What’s so intimidating about the U.S. Department of Energy’s Solar Decathlon Design Challenge? Is it the expert judges, representing the brightest minds in sustainability, scrutinizing the work? Or the competitors from fifty-five collegiate institutions, including the University of Brazil, Alexandria University, and the Massachusetts Institute of Technology?
Not at all. At least, not if you’re one of the five Vermont Tech students with their sights set on winning the 2020 decathlon.
“This started as part of our Design Integration class and we’ve been really motivated,” said Samantha Daniels, the architectural designer on the team, “We’re the first students from Vermont Tech to enter the Solar Decathlon!”
Samantha Daniels, Coleton Loura-Bumps, Jeff Hobbs, Jacob Beaulieu, and Olivia Mendes Machado are the BS in Architectual Engineering Technology students rising to the occasion. What’s their plan? With guidance from team leader and professor Chris Reilly, PE, “they are designing a zero-energy elementary school, Maple Leaf Elementary, in Williston Vermont.
The team is open about their approach to sustainability — the core concept of the challenge, “Some teams are focused on being ‘green’ right now — we’re focused on resilience and sustainability for the next couple hundred years,” Daniels said.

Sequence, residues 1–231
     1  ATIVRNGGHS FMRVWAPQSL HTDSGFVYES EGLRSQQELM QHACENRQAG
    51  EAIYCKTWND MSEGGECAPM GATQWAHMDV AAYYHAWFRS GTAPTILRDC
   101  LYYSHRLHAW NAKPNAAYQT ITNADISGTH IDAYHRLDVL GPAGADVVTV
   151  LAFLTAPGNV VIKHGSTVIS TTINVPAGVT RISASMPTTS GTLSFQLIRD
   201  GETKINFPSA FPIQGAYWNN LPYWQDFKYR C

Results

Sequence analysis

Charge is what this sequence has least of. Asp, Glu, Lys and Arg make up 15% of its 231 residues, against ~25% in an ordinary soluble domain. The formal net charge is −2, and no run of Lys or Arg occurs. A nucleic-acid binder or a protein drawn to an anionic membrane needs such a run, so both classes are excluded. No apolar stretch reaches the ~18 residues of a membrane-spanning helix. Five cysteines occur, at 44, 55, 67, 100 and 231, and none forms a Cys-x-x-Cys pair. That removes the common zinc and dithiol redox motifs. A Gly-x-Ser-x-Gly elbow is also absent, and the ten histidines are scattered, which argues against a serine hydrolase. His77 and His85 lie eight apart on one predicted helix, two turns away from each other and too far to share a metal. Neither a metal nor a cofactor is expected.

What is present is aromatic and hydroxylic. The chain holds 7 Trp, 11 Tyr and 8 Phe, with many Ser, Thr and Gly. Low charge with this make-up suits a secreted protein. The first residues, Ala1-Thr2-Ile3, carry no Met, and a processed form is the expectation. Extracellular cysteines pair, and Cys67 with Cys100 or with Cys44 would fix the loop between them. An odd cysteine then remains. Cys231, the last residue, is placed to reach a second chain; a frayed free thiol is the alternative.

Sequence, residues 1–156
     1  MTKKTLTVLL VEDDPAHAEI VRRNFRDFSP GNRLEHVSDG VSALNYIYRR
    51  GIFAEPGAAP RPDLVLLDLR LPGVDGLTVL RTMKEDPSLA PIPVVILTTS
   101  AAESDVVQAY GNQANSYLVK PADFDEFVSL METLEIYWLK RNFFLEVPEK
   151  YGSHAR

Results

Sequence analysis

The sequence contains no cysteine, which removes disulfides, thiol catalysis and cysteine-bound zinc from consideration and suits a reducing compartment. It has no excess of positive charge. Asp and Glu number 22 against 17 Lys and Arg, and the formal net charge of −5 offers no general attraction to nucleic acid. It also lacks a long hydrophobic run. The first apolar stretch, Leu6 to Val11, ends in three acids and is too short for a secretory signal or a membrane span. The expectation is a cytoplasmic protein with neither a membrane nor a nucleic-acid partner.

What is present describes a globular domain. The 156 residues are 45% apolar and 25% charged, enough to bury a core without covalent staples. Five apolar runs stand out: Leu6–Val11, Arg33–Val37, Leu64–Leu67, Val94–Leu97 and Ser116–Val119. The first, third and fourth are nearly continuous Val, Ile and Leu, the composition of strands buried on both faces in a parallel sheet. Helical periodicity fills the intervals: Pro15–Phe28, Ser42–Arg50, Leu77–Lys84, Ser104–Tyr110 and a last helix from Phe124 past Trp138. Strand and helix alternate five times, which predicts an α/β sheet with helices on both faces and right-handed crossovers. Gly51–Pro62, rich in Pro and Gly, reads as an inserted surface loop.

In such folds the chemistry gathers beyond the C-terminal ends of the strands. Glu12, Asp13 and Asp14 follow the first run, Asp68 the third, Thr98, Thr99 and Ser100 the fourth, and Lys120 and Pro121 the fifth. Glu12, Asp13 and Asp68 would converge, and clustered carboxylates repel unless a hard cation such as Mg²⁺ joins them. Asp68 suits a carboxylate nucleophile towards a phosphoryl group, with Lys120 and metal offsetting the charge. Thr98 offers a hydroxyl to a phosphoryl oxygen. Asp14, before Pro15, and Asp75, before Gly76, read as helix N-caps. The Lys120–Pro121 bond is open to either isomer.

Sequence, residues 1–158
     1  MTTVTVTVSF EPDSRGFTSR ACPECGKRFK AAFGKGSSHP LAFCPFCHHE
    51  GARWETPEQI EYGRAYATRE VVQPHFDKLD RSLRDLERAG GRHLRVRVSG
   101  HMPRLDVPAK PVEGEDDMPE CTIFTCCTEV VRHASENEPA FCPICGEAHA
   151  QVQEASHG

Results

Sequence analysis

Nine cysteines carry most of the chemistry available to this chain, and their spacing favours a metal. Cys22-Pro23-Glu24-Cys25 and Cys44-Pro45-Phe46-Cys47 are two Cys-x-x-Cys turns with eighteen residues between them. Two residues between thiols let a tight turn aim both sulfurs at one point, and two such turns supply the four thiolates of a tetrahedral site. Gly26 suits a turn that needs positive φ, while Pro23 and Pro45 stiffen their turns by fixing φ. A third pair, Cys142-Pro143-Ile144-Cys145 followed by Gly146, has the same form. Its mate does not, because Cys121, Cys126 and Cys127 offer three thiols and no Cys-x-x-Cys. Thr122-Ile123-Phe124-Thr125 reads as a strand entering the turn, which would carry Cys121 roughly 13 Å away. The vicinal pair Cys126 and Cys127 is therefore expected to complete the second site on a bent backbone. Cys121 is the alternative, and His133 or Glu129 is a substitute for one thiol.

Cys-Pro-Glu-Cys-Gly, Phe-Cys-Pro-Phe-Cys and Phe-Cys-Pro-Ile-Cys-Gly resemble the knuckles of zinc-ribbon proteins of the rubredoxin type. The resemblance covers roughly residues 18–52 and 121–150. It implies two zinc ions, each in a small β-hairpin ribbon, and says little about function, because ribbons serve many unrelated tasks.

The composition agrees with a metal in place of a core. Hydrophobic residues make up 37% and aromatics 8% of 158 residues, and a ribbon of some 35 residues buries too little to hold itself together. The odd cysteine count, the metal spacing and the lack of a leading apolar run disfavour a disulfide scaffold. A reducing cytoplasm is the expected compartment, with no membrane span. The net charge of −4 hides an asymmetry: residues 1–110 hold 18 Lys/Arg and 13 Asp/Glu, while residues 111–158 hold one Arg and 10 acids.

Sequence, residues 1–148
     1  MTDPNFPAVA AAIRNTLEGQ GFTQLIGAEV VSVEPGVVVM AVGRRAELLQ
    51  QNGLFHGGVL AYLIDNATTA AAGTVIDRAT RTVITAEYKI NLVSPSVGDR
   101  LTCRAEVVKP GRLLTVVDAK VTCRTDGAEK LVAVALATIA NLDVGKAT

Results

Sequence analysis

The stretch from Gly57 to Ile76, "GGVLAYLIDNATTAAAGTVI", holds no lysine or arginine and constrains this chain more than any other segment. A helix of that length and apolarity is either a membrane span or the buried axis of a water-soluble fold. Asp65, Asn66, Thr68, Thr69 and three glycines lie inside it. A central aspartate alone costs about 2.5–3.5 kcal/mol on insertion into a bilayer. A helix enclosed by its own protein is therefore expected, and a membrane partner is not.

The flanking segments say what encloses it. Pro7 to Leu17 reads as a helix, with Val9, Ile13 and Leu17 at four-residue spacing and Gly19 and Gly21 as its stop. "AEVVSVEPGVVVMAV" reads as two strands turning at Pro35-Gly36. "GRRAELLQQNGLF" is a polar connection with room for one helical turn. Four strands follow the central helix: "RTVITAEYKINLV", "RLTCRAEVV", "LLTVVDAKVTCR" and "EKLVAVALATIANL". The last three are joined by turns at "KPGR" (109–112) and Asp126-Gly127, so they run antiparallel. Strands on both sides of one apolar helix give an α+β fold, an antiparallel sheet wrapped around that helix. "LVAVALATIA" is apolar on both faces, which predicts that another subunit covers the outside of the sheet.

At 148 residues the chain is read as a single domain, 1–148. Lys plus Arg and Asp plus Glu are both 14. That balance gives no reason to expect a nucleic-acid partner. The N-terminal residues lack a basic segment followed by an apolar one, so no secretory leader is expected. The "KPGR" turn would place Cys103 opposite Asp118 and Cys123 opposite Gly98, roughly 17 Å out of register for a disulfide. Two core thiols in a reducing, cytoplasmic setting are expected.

They divided the project’s design responsibilities, with Daniels as architectural designer, Bumps and Hobbs as mechanical designers, Beaulieu as electrical designer, and Machado as electrical and architectural designer.
The school’s design was inspired by maple leaves, with a primary core forming the center of the one-story structure and branching halls on either side. Security was another factor the team took to heart, emphasizing a design pattern that would maximize safety in the event of an intruder.
“We considered how the kids were going to move through the halls, multiple safety-criteria, and all the codes that apply (to an elementary facility),” Daniels said.
From the electrical equipment, building materials, ventilation, insulation, and rooftop solar panels, they are determined to hit the mark and deliver a winning design. The team is spending the next few months applying finishing touches, building the reports, and preparing the presentation. If chosen as finalists, they will fly to Colorado to present their design live at the U.S. Department of Energy’s Solar Decathlon in April, at the National Renewable Energy Laboratories (NREL).
An opportunity they’re working hard to attain.
Thanks to the help and support of Professor Reilly and Vermont Tech, the students feel proud, confident, and prepared to represent the Architectural Engineering Technology program, and lead the future of innovative design.